Ten weeks have passed since the Israel Air Force attacked in Syria, and there is still no reliable information about the precise target that was destroyed, or about the importance and necessity of the attack. Since Israel keeps maintaining its veil of secrecy, Everything that is known comes from leaks by anonymous U.S. administration officials to several of the major American media outlets. What is almost certain, judging from the leaks, are the following facts: A nuclear site built by the Syrians was attacked, and there was some connection to know-how and technology transferred from North Korea. The prevailing assumption is that it was a 5-megawatt nuclear reactor that was in stages of construction, that would have enabled Syria to produce plutonium to manufacture a nuclear bomb.
This assumption relies first and foremost on an analysis by scholar David Albright, director of the Institute for Science and International Security in Washington (ISIS). Albright was part of the United Nations supervisory unit in Iraq that searched for weapons of mass destruction. In recent years, he and his institute have gained a reputation as experts in nuclear proliferation. He is considered close to the U.S. intelligence communit and to have connections with the Israeli defense establishment.
A month ago Albright, as well as The Washington Post and The New York Times, published satellite photos of the site attacked in Syria. The photos were taken on August 10, 2007 and reveal a structure built adjacent to a hilly slope, not far from the Euphrates River. Incidentally, it would be interesting to learn who knew already then, about a month before the attack to take photographs of the Syrian structure from the satellite company DigitalGlobe.
A reactor without a dome
Albright compared the structure in Syria to satellite images of a structure located at the Yongbyon nuclear site in North Korea. The dimensions of the two structures are similar - about 48 by 32 meters and lacking a dome. The structure in North Korea is a nuclear research reactor built on the basis of a 1980 Chinese archetype. As opposed to the Western countries, in the Communist bloc countries, reactors commonly have a flat roof and lack a dome. For example, the reactor in Chernobyl, Ukraine, where the radioactive leakage disaster occurred in 1985, had no dome.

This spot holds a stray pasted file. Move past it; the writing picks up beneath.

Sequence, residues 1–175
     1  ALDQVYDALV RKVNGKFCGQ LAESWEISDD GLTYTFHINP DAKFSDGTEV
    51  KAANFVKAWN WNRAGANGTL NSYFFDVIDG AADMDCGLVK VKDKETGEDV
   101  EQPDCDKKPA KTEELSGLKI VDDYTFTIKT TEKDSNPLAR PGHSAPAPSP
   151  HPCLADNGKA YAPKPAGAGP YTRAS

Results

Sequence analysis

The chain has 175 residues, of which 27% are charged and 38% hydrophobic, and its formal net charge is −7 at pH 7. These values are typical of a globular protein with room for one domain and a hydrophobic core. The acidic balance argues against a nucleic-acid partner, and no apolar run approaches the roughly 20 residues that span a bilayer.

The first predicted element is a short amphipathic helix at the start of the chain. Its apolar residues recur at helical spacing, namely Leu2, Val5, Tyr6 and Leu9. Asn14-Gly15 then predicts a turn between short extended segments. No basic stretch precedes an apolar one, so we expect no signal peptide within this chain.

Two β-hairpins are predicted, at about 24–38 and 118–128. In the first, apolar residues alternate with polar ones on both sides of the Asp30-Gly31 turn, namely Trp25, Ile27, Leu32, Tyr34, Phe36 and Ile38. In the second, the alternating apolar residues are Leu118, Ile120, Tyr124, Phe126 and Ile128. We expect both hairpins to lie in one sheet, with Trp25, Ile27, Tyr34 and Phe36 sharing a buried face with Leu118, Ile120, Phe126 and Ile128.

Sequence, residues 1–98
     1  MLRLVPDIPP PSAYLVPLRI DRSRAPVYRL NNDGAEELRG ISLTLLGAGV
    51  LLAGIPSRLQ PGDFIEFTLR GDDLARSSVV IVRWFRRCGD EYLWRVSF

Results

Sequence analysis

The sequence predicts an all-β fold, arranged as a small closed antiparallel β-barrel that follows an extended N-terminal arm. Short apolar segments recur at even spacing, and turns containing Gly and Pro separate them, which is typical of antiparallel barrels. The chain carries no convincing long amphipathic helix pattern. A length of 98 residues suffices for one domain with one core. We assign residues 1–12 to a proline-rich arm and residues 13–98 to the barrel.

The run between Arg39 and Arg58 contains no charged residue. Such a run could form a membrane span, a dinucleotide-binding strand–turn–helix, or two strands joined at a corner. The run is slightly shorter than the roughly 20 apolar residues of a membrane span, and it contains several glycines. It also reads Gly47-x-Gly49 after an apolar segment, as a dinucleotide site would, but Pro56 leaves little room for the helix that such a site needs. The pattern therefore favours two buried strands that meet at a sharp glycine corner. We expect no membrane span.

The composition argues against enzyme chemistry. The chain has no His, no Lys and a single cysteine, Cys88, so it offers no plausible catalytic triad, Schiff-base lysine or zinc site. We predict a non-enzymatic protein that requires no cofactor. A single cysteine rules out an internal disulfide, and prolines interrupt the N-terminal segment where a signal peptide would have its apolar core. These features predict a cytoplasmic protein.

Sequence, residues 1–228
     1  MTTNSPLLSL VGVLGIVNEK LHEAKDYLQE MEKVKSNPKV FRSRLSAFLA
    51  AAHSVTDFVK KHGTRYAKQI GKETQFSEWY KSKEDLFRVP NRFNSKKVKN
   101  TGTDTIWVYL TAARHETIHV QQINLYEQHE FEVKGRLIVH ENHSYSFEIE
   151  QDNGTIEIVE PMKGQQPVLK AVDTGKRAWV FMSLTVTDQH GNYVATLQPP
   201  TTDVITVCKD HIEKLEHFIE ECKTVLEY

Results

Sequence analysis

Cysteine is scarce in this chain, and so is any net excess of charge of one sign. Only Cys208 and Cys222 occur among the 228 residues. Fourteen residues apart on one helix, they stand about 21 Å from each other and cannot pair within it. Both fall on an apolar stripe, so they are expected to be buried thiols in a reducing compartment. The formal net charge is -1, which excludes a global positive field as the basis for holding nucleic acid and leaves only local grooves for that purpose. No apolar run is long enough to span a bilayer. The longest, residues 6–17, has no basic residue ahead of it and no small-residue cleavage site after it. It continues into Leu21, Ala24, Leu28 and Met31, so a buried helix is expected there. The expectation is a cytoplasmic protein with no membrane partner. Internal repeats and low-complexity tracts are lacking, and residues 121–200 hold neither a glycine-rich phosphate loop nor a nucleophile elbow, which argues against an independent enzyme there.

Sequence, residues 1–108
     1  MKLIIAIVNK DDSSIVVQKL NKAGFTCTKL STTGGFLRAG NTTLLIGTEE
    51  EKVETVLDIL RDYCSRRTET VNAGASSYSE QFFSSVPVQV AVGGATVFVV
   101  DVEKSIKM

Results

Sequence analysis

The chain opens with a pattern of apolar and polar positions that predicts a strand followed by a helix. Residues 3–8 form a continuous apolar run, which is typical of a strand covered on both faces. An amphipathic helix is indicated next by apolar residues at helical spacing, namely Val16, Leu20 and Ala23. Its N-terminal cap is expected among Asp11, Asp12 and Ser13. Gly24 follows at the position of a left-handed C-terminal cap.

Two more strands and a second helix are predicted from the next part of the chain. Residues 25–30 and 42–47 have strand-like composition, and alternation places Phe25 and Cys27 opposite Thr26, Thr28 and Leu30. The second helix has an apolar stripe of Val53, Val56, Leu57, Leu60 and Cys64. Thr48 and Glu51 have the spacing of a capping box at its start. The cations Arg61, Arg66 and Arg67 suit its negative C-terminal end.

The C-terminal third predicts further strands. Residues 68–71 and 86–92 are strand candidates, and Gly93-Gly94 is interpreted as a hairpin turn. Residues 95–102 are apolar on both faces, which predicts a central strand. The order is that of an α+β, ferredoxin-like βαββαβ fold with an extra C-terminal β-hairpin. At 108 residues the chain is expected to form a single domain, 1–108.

The official production capacity of the reaction in Yongbyon, which was fueled with enriched uranium, is 5 megawatts, but the experts estimate that in fact its capacity had been extended. Over the years, particularly during the period when North Korea was not under the supervision of the International Atomic Energy Agency (IAEA), it produced plutonium from the nuclear fuel rods. U.S. intelligence estimates that even after the nuclear test conducted about a year ago (a test which failed), North Korea still has reserves of about 40 kilograms of plutonium, which is sufficient to produce 10 atom bombs. This plutonium is not under supervision, and North Korea could have concealed it in its laboratories or sold it to another country - Syria, for example.
Albright's assessments, which hold that what was attacked in Syria was a nuclear reactor, have become almost an authoritative voice. They have been unreservedly adopted all over the world, Israeli media included.
But Prof. Uzi Even of Tel Aviv University is challenging them here for the first time. On the basis of an analysis of the same satellite photos, which have been published in the media and on Web sites and are accessible to everyone, he believes that the structure that was attacked and destroyed was not a nuclear reactor. Even, a former Meretz MK, is a chemist who until 1968 worked at the nuclear reactor in Dimona (KAMAG - Hebrew for the Nuclear Research Center). For years he has been keeping track of, and writing about, Israel's nuclear policy and the proliferation of nuclear weapons worldwide.
Even's questions relate to several substantive issues. First, in the reactor in Yongbyon, one can clearly see a chimney, which is necessary for the emission of the radioactive gases (incidentally, based on the emission of the gases experts can determine the capacity of the reactor). In the satellite photos of the structure in Syria there is no chimney. It could be claimed that the Syrians may not have had time to build it. This is a reasonable answer, but it is overshadowed by the fact that there is evidence that the structure was under construction already four years ago. There are satellite photos of the site from 2003. In these photos one can clearly see in one of the building walls openings, which disappeared in the 2007 photos. "We can assume that construction began even before 2003," says Even. "In all those years, five years or even more, a chimney had still not been built? Very strange."
No less strange in his opinion is the fact that the "reactor" did not have cooling towers. The pumping station seen in the photos, 5 kilometers from the site, cannot, according to him, be a substitute for such towers. "A structure without cooling towers cannot be a reactor," he says, pointing to the satellite photo from Yongbyon, in which one can clearly see the cooling tower, with steam rising from it.
Another structure essential for a reactor is missing from the Syrian photos: a plutonium separation facility. As mentioned, the reactor is fueled by enriched uranium of fuel rods, which undergo a process of radiation. In order to turn them into plutonium, they have to be processed chemically in a plutonium separation facility.